- The Washington Times - Friday, November 8, 2019

Vitamin E oil, an ingredient added to THC e-cigarettes, is a “strong culprit” behind the national outbreak of vaping-related deaths and sicknesses, the Centers for Disease Control and Prevention said Friday.

The supplement was found in lung fluid samples of 29 sick patients in 10 states, a discovery described as a “breakthrough” in the months-long investigation.

“These findings provide direct evidence of vitamin E acetate at the primary site of injury within the lungs,” Dr. Anne Schuchat, principal deputy director for the CDC, said during a media briefing Friday.

She described the data implicating vitamin E acetate as robust since the patients came from different locations.

Forty-nine states (all except Alaska), the District of Columbia and the U.S. Virgin Islands have reported 2,051 confirmed and probable vaping-related lung injury cases as of Tuesday. Thirty-nine deaths have been confirmed in 24 states and the District.

Vitamin E acetate, which can be found in food and cosmetic products such as skin creams, is added to THC e-cigarettes to dilute the liquid.

While the CDC says it does not cause harm when swallowed or rubbed into the skin, previous studies suggest inhaling it might disrupt lung function.

“It’s important to note that these findings do not rule out other possible compounds or ingredients that may be causing these lung injuries,” Dr. Schuchat said. “There may be more than one cause of the outbreak.”

THC, the psychoactive ingredient found in marijuana, was also found in 23 of 28 patient samples. Nicotine was found in 16 of 26 samples tested.

Jennifer Layden, chief medical officer and state epidemiologist for the Illinois Department of Public Health, told reporters that a survey of 4,631 residents in her state revealed that those with lung injuries were nine times more likely to have vaped illicit products from dealers or off the street, and were eight times more likely to have used “Dank” vapes, a brand of black-market THC vaporizer cartridges.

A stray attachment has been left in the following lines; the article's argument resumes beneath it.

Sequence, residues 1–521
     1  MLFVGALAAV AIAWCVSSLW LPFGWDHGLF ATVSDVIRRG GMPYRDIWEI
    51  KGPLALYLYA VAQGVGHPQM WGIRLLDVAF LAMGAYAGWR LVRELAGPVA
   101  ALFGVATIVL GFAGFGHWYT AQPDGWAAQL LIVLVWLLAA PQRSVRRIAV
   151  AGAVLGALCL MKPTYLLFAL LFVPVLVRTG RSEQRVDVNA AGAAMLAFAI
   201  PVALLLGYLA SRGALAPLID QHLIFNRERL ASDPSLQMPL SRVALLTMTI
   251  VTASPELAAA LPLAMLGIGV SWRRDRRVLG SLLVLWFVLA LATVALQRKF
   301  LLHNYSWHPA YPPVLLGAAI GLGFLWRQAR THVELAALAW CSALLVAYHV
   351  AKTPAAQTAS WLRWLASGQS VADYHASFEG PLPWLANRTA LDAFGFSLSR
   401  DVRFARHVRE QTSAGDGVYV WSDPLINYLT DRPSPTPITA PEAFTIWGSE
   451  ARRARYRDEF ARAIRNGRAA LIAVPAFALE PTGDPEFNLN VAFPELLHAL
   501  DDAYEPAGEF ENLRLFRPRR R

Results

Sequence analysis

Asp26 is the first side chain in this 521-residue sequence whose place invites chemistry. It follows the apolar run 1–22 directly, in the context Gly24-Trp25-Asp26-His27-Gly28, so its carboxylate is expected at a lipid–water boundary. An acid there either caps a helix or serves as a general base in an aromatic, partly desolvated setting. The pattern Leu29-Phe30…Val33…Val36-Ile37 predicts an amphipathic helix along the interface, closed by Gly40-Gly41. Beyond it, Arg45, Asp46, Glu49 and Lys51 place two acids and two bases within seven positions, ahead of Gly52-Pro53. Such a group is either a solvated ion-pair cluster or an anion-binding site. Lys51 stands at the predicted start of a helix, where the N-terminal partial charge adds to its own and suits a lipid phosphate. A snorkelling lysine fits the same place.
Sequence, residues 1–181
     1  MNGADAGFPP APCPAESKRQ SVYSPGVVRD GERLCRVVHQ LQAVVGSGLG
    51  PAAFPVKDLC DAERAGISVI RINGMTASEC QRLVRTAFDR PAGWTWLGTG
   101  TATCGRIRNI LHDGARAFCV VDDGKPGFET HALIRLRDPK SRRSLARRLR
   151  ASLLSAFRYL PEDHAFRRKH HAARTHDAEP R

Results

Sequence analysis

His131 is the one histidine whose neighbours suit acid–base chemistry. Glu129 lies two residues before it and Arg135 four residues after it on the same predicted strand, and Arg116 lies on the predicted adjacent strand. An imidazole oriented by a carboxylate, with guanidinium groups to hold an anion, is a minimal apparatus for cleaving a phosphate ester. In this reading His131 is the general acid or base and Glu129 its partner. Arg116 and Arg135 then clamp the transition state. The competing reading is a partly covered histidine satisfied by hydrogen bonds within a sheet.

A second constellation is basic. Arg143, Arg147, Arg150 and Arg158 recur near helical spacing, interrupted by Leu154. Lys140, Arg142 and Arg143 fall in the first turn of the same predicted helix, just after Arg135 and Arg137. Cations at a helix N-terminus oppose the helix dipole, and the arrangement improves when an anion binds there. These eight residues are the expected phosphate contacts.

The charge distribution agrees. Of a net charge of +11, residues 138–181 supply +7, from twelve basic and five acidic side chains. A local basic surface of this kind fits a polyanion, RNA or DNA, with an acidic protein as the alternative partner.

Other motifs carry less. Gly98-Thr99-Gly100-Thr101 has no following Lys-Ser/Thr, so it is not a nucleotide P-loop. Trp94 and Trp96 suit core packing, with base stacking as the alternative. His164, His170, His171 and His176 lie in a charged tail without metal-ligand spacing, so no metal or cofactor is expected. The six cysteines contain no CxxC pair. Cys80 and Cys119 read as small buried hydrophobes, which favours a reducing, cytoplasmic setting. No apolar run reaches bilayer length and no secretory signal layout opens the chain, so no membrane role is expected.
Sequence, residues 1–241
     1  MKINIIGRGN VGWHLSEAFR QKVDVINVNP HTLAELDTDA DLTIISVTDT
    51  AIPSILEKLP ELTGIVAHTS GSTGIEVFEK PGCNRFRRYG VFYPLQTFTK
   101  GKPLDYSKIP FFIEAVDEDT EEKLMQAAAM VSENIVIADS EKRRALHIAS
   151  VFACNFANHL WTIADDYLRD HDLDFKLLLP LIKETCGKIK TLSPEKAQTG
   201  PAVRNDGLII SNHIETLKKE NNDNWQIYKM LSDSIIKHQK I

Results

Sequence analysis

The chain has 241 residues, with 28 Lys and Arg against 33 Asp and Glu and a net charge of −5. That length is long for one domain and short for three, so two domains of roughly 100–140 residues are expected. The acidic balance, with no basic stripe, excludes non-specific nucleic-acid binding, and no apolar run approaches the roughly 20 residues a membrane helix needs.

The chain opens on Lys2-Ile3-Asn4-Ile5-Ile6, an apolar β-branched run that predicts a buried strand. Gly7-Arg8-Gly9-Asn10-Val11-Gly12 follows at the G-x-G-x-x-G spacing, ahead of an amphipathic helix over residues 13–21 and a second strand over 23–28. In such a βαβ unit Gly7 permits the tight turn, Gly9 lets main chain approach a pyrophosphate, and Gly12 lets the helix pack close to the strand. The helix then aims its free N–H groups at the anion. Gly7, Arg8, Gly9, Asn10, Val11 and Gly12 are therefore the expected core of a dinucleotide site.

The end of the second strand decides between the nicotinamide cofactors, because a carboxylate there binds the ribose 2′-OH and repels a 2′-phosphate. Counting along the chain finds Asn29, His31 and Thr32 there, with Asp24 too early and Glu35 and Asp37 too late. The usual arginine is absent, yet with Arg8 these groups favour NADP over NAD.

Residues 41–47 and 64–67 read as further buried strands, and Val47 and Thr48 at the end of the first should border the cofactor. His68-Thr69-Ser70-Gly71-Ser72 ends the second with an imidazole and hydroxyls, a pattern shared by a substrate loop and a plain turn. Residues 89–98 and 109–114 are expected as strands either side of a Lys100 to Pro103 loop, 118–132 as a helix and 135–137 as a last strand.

She said the study’s findings reinforce that e-cigarettes containing THC should not be used.

Dr. Schuchat noted a small number of patients reported smoking only nicotine-based products. She recommended that the public refrain from using all e-cigarette products.

According to the CDC, 86% of 867 patients reported use of THC products, 64% reported use of nicotine products, 52% reported use of both THC and nicotine products, 34% reported exclusive use of THC products and 11% reported exclusive use of nicotine products.

The New York State Department of Health announced in September that lab test results showed “very high levels” of vitamin E acetate in almost all cannabis-containing vaping product samples. The department said it was not found in nicotine products that were tested.

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